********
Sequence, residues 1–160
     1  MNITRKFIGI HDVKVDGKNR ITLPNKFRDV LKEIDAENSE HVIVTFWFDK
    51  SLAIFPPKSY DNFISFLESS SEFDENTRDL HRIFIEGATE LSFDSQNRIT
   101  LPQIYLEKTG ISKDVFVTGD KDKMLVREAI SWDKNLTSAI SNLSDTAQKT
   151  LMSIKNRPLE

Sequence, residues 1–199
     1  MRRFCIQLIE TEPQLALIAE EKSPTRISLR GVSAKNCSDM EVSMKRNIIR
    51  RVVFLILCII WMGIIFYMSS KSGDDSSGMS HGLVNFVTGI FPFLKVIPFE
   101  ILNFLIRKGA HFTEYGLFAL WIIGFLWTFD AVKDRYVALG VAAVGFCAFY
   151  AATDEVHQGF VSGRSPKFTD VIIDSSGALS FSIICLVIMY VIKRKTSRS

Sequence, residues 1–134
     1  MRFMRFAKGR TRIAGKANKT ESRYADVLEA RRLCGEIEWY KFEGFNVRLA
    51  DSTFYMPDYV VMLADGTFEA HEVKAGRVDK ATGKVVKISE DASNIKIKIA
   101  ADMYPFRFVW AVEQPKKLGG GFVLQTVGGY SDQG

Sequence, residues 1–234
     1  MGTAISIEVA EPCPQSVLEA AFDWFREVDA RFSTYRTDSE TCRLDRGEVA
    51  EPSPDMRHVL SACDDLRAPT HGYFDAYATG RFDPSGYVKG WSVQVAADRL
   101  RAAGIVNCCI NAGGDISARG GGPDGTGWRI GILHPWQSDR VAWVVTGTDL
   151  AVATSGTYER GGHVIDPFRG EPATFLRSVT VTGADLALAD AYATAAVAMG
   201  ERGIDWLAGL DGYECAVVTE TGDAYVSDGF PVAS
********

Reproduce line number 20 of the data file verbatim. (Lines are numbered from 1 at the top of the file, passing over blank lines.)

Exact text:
   201  ERGIDWLAGL DGYECAVVTE TGDAYVSDGF PVAS